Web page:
China is exploring whether it can hurt US defense contractors by limiting supplies of rare earth minerals that are critical to the industry, the Financial Times has reported.
Industry executives have said that Chinese government officials asked them how badly companies in the US and Europe would be affected if China restricted the export of rare earth minerals during a bilateral dispute, the Financial Times reported, citing people that it did not identify.
The move throws the spotlight back on the group of elements that are used in everything from smartphones to fighter jets, and have previously been a focus in the deteriorating trade relationship between China and the US.
China controls most of the world’s mined output, with an even tighter hold of the processing industry, leaving US industries with few avenues to immediately secure short-term supply if curbs were enacted.
The Chinese Ministry of Foreign Affairs did not immediately respond to a request for comment on a public holiday, while calls to the Chinese Ministry of Industry and Information Technology went unanswered.
The Chinese government last month issued draft guidelines for the sector, with proposals including firms abiding by export regulations, and the possibility that the nation restrict or suspend exploration and processing of rare earths to preserve natural resources and protect the environment.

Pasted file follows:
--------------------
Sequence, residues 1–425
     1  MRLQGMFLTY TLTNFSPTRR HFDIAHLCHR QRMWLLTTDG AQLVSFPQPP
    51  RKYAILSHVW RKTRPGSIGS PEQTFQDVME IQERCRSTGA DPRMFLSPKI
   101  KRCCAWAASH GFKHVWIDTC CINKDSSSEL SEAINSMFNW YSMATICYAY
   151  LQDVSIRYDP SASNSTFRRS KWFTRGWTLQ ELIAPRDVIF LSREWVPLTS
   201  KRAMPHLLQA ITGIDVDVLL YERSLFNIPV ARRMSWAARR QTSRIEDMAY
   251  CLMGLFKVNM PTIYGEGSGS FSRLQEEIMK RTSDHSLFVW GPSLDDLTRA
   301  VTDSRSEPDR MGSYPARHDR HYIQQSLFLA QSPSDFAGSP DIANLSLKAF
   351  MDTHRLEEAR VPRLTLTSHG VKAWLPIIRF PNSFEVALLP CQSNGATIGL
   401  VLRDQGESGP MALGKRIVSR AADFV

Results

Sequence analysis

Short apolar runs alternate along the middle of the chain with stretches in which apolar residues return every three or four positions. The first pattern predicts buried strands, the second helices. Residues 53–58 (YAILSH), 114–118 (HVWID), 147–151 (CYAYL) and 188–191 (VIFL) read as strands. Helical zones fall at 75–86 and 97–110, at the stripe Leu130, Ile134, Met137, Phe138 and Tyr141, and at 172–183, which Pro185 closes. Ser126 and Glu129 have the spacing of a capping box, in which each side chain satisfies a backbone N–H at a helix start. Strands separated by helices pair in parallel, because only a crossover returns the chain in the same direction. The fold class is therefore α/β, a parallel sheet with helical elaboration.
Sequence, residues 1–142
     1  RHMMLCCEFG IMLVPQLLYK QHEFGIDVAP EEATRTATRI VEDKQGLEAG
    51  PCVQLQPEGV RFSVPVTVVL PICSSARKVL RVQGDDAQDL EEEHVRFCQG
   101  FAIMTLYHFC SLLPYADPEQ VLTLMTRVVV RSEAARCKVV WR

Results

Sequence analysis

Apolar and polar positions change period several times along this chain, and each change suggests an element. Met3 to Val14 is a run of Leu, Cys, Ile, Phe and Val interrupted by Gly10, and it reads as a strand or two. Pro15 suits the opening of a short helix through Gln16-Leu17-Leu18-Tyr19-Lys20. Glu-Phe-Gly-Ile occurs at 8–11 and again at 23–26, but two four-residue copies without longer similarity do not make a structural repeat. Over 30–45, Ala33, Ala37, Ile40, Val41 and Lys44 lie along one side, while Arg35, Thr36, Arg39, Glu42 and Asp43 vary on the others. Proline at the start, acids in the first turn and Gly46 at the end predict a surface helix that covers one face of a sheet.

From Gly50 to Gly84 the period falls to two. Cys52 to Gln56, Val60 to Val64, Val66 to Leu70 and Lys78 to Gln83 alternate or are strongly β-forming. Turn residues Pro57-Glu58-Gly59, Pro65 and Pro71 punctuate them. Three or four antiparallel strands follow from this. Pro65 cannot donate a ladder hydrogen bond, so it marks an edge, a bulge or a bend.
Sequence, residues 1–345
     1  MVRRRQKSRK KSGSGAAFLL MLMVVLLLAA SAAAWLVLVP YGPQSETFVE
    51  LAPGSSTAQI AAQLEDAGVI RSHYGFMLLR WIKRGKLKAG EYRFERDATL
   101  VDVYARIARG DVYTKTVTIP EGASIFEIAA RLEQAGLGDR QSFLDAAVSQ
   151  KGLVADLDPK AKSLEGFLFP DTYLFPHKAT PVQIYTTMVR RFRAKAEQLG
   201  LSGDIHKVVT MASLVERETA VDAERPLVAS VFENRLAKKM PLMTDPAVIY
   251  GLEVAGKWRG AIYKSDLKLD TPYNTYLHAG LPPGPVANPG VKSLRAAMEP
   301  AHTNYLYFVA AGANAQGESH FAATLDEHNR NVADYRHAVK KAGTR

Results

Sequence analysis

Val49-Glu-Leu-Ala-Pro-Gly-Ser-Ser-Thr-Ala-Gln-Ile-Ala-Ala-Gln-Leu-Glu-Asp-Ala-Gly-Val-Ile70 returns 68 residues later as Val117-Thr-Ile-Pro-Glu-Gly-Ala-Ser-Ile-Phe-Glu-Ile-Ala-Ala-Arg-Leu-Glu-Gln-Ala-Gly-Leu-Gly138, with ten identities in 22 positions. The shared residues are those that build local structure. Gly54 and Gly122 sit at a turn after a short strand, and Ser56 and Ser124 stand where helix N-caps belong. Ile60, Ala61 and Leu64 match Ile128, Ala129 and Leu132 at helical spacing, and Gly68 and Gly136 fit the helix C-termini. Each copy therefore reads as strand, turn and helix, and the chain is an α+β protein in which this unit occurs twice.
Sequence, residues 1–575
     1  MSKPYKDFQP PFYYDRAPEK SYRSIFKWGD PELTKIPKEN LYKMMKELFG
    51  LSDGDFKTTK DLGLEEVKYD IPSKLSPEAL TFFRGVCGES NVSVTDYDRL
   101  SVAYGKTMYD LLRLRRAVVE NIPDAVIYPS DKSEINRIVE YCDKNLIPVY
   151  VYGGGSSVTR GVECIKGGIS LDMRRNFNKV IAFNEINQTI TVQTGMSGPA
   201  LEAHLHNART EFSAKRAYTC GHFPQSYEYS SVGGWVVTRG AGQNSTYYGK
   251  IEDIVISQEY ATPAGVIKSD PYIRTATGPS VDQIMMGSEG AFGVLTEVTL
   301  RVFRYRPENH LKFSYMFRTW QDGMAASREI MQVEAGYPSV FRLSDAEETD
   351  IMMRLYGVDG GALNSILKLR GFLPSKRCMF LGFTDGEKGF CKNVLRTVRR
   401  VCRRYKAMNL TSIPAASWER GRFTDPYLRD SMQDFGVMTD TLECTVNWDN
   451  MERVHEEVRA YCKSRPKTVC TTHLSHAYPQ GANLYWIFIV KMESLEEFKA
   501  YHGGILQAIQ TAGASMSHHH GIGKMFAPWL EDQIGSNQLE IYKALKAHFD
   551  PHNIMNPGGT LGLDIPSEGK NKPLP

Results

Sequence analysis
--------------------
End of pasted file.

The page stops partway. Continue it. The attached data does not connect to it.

The specter of export curbs arose in 2019 amid deepening US-China trade tensions.
China accounts for 80 percent of rare earth imports into the US and Beijing had prepared a plan to restrict shipments as a way to target Washington. While those restrictions were never enacted, the threat pushed the US government to seek out ways to cut their reliance on a single source of supply.
Last year, then-US president Donald Trump signed an executive order aimed at expanding domestic output of rare earth minerals, a year after the US Department of Defense was ordered to spur the production of magnets.
The US also awarded Lynas Rare Earths Ltd, the biggest producer outside China, a contract to boost processing capabilities.
Trump’s administration took a wide range of actions to thwart China’s efforts to dominate numerous high-tech industries, with US President Joe Biden yet to change many of those policies.
Biden, in his first conversation as president with Chinese leader Xi Jinping (習近平), spoke of his concern about Beijing’s “coercive and unfair economic practices,” as well as human rights abuses in the Xinjiang region.
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